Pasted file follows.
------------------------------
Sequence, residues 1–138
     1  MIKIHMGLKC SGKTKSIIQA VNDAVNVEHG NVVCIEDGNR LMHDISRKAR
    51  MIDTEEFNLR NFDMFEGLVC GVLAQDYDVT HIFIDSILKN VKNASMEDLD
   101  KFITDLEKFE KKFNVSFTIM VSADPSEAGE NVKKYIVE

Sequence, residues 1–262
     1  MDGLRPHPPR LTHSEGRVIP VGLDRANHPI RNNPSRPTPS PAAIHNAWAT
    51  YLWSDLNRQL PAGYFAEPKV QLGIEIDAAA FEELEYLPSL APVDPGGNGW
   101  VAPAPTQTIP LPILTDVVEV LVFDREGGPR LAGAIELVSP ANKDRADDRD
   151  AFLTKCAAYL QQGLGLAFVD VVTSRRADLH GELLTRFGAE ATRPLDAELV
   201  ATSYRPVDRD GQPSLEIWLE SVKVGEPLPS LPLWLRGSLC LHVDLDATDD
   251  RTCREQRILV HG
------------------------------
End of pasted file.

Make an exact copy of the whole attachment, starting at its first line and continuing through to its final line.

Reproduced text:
Sequence, residues 1–138
     1  MIKIHMGLKC SGKTKSIIQA VNDAVNVEHG NVVCIEDGNR LMHDISRKAR
    51  MIDTEEFNLR NFDMFEGLVC GVLAQDYDVT HIFIDSILKN VKNASMEDLD
   101  KFITDLEKFE KKFNVSFTIM VSADPSEAGE NVKKYIVE

Sequence, residues 1–262
     1  MDGLRPHPPR LTHSEGRVIP VGLDRANHPI RNNPSRPTPS PAAIHNAWAT
    51  YLWSDLNRQL PAGYFAEPKV QLGIEIDAAA FEELEYLPSL APVDPGGNGW
   101  VAPAPTQTIP LPILTDVVEV LVFDREGGPR LAGAIELVSP ANKDRADDRD
   151  AFLTKCAAYL QQGLGLAFVD VVTSRRADLH GELLTRFGAE ATRPLDAELV
   201  ATSYRPVDRD GQPSLEIWLE SVKVGEPLPS LPLWLRGSLC LHVDLDATDD
   251  RTCREQRILV HG